Due to its interdisciplinary curriculum and its small class size, the program also allows professors and students to forge connections that they wouldn’t be able to make in a standard classroom setting. The students value “the intimacy and the intensity of coursework,” Walker says. “Because the students get to know each other so well, you can go much faster and delve much deeper into the material than you would in an ordinary class.”

In 2005, the program was put on hiatus by then-president Nancy Dye, who cited budgetary reasons as the reason for cutting the program. Enrollment had decreased in recent years, due in part to emerging competition from other study away programs.

For a moment, it seemed that chances of the program’s survival were slim. But concerted efforts by alumni, faculty, students, trustees, and other friends of the program allowed it to be revived the following year.

Since then, the program’s organizers have focused on redefining its structure, resulting in a partnership with Grinnell College in 2006-09. Although elements of the Oberlin-Grinnell partnership were successful, Jones admits that the program “didn’t seem to have the Oberlin stamp on it,” and since the spring of 2010 Oberlin-in-London has been an Oberlin-only program again.

In recent years, the number of applicants for the program has increased exponentially, which can in part be attributed to the establishment of need-based study-away grants, which are supported by Oberlin-in-London alumni. The committee also enticed applicants for its Spring 2013 semester (co-taught by Professor of Sociology Veljko Vujacic and Professor of Politics Harlan Wilson) with the Oberlin-in-London blogs, launched earlier this year by volunteer student writers. Logan Buckley ’14, an intended politics major who attended the Oberlin-in-London program this semester, was one of its recruits.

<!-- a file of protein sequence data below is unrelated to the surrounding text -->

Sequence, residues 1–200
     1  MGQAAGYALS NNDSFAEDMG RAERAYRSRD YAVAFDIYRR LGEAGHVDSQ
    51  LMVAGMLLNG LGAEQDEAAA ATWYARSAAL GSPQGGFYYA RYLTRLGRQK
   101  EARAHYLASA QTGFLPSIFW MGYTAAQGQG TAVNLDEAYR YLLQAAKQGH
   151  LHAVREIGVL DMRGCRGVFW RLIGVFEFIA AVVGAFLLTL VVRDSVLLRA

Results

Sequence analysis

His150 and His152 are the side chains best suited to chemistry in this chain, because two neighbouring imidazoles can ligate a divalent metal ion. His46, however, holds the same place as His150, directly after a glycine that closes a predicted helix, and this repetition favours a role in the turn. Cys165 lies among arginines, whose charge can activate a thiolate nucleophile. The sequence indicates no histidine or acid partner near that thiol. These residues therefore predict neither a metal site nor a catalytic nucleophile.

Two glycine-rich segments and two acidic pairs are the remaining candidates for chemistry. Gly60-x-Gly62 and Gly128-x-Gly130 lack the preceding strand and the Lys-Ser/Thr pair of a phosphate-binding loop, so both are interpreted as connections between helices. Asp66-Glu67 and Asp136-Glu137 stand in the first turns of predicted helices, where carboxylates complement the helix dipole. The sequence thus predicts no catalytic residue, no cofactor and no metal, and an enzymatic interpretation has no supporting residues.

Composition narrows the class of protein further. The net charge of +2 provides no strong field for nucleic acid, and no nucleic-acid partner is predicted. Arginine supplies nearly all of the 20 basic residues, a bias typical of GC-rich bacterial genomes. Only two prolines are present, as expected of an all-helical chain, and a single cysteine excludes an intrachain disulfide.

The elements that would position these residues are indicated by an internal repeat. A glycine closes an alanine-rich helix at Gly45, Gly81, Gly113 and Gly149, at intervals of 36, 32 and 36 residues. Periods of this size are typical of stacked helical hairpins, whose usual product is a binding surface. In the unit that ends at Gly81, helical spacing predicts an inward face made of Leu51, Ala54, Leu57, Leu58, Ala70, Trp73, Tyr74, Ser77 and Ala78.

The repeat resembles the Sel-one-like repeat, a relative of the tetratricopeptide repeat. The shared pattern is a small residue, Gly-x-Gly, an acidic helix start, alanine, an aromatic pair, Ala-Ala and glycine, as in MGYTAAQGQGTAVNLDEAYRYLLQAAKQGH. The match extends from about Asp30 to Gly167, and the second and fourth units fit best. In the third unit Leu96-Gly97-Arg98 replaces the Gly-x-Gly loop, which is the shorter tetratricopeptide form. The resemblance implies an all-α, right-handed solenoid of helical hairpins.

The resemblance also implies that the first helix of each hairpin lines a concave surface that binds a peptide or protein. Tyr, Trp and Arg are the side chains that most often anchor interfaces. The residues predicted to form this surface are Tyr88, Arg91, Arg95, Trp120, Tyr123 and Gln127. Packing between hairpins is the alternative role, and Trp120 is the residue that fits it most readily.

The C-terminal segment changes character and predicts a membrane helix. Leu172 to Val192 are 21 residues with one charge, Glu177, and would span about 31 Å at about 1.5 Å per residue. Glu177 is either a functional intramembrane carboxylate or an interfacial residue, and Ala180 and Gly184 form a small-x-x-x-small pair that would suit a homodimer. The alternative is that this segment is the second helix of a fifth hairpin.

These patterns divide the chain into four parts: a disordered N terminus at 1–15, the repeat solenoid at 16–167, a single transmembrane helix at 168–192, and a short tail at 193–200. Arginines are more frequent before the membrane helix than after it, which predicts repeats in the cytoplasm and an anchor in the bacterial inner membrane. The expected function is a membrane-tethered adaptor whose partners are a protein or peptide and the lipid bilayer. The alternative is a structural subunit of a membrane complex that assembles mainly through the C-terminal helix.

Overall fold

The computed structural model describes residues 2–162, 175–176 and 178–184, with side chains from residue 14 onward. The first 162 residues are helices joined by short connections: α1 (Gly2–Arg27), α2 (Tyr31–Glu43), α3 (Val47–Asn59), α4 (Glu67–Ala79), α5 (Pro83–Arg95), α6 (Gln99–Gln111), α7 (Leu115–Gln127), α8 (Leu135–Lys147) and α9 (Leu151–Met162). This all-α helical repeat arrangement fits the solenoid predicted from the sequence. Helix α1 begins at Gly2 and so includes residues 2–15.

“It’s a great program because it’s like Oberlin, but more focused because of the small groups and with the huge added benefit of having London as an amazing cultural resource,” he says.

“With Oberlin students and professors, there’s more of a guarantee that everyone will be at a certain academic level. And knowing that was a definite draw.”

For more information about Oberlin in London and study away programs, visit and

Bookmark and Share
Related News

There are no related stories, please check back for further updates.